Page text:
Wed | Oct 21, 2020

Mark Ricketts | We little but we are so mighty

Published:Sunday | December 15, 2019 | 12:00 AM
Professor Orlando Patterson
Mark Ricketts
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I know I am a lone voice crying in the wilderness wondering if in the next 200 years we will still be attributing our problems and paradoxes to slavery and the plantation system.

To maintain this indulgence allows us to excuse our politicians from misguided and misdirected policies and make us treat our independence as a contrived veil that doomed us to failure from the outset.

It is as if our leaders are helpless and both our private and public sectors are entrapped by policies, institutions, and a plantation system – a carry-over from slavery and imperialism – that doom us to economic failure.

One thing we succeed at: we can scale heights of global excellence to be the best there is, while simultaneously being so destructive, to be the worst there is. It is a paradox so extreme and far out that it is uniquely ascribed to Jamaica and Jamaicans.

“We little but we are so mighty” is the translation Harvard Professor and Jamaica-born Orlando Patterson offers to foreigners in explaining our comforting phrase that lifts our self-esteem, “we lickle but we tallawah”.

In his recent book, The Confounding Island: Jamaica and the Post Colonial Predicament, published by Ian Randle Publishers, Patterson, a historical sociologist, underscores the paradox that is Jamaica.

Undoubtedly, Jamaicans would agree as they live it daily.

THE PARADOXES

With over 1,600 churches, Jamaica has more churches per square mile than most countries. He adds, “with the fire and brimstone sermons of its fundamentalist preachers, then there is little doubt that Jamaicans are in serious fear of God and, even more, Satan.”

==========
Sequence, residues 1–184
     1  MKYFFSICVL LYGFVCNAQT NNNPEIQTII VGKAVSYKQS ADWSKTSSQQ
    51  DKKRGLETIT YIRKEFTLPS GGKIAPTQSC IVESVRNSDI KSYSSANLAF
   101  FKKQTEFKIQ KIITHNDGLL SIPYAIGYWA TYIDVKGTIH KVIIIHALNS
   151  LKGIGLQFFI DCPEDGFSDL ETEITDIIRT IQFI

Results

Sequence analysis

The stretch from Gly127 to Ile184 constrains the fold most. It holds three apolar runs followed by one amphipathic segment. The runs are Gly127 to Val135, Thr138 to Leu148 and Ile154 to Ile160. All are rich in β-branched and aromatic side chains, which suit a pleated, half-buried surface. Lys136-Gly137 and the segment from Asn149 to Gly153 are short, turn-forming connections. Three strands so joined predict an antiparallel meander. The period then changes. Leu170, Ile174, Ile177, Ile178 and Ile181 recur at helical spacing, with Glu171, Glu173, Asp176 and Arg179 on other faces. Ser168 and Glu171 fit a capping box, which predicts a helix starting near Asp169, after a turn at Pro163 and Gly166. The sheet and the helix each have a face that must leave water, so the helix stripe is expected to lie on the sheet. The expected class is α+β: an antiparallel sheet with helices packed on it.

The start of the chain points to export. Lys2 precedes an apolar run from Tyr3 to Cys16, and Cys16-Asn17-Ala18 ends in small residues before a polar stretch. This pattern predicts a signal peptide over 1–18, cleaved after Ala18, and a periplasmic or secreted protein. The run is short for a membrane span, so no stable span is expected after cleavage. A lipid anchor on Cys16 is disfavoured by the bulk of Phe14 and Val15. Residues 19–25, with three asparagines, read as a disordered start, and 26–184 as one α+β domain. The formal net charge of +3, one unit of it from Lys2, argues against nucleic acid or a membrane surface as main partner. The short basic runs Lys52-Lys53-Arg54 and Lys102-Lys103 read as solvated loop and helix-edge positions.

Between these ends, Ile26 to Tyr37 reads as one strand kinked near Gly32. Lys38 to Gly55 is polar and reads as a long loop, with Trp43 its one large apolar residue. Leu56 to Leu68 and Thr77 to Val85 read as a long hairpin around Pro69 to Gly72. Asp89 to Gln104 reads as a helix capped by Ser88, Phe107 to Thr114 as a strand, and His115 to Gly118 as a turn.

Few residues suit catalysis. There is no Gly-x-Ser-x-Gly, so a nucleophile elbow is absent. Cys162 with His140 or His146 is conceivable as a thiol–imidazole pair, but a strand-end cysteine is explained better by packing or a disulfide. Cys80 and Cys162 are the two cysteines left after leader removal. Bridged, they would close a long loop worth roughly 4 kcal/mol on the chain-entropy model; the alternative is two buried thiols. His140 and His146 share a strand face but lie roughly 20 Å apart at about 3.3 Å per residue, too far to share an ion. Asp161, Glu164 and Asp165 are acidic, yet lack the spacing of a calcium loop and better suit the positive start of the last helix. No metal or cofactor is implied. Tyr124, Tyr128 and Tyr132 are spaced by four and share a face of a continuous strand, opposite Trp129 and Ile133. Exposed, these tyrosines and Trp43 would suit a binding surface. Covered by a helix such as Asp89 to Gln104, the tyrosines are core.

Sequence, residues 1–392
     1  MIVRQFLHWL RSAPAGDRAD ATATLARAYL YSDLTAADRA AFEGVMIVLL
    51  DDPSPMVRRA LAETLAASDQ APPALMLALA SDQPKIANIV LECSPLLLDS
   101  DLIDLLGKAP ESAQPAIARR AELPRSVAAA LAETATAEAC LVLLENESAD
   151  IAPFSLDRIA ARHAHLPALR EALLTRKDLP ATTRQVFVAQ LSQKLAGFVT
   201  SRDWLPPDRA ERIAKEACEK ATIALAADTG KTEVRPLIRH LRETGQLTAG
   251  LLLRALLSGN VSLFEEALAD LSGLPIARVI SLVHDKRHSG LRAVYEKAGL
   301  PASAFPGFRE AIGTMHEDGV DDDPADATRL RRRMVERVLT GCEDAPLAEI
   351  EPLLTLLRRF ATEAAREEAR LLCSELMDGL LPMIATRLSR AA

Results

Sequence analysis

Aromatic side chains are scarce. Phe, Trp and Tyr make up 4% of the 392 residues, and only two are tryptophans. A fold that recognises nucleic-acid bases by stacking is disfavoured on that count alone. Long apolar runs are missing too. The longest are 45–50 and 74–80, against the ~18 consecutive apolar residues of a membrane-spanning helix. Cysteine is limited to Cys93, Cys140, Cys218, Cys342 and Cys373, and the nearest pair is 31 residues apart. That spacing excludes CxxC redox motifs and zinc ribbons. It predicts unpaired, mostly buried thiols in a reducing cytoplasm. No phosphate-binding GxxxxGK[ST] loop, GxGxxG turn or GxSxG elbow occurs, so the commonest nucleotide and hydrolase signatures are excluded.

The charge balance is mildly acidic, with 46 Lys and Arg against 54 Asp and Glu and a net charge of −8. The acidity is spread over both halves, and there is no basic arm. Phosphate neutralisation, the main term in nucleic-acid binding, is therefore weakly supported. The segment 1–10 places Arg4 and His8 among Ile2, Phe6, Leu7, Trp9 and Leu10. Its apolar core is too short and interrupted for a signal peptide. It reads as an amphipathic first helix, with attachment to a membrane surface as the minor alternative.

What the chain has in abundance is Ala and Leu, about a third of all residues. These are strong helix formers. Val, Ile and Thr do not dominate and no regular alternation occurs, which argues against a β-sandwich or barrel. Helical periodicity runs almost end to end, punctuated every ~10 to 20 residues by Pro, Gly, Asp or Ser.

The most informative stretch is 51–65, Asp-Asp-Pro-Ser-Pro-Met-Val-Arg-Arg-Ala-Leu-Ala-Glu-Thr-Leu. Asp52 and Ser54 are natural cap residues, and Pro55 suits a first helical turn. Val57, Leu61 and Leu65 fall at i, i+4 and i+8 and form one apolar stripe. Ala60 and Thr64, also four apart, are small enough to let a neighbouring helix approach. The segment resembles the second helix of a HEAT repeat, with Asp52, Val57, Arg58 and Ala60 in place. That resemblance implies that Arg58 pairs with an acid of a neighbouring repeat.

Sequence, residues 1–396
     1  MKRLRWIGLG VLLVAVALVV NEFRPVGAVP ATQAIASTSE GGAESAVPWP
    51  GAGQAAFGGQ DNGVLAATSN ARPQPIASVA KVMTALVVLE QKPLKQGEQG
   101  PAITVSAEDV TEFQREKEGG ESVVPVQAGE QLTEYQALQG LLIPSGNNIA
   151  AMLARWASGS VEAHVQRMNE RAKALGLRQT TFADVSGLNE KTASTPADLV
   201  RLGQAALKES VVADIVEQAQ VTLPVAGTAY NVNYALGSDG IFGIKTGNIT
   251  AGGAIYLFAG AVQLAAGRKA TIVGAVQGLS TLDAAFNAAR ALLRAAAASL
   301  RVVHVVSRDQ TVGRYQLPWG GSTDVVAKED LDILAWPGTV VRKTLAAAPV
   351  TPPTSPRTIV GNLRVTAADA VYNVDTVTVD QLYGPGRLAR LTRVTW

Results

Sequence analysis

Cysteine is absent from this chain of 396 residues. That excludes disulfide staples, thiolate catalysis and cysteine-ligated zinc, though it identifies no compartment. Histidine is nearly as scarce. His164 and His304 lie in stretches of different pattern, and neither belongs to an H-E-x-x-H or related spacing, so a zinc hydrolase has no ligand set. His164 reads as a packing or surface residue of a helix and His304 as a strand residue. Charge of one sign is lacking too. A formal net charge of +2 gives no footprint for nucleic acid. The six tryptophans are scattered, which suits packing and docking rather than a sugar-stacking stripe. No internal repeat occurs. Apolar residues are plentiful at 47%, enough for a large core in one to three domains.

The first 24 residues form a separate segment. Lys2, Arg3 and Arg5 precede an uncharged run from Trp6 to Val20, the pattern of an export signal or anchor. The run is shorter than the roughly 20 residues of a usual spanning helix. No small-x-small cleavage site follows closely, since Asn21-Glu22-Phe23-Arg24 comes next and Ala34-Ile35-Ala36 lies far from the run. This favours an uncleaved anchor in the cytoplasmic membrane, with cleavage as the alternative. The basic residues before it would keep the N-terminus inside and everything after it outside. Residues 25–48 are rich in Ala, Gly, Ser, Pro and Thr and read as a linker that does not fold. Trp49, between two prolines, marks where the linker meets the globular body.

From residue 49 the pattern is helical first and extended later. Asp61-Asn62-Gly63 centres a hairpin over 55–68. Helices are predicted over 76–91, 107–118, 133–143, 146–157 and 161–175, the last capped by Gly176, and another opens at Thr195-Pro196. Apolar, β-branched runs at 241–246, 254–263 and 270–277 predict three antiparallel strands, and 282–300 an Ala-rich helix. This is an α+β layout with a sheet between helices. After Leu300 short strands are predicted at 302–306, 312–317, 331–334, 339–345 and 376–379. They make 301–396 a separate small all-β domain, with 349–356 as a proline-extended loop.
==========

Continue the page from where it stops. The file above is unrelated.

Reinforcing his position in a recent lecture at the University of the West Indies (UWI) on ‘The Confounding Island’, Patterson points out that the country has even produced a global religion, Rastafarianism, with its soothing motto of peace and love.

“Yet Jamaica is one of the most violent, reckless, and downright sinful of nations, at one time having the highest homicide rate in the world and for most of this century remaining firmly in the top 10 murderous places,” he states.

To remind readers, as of November 30, murders, as against last year, are up two per cent, reaching 1,309, and acquisitory crimes, including burglaries, are up 4.6 per cent.

Patterson’s other contrasting themes:

The country produces the fastest runners, “nevertheless Jamaicans are notorious for being among the slowest people to show up for an appointment, indeed, they take pride in their tardiness with the telling expression, soon come”.

Bloomberg has highlighted Jamaica’s “little stock market as the best performing in the world and in 2018 Global Banking and Finance called the island the best place to start a business,” yet Jamaica has experienced low to negative growth rates for decades.

Seemingly perplexed, Patterson writes, “There are few places on earth like Jamaica. A little island, it has a larger global profile than countries hundreds of times its size; at times celebrated for the spectacular performances of its stars and the worldwide impact of its cultural creations, it is often condemned for the depravity of its gangsters and racketeers and the failure of its economy. In global comparisons, the country has an unnerving way of ending up within either the best or the worst group of countries.”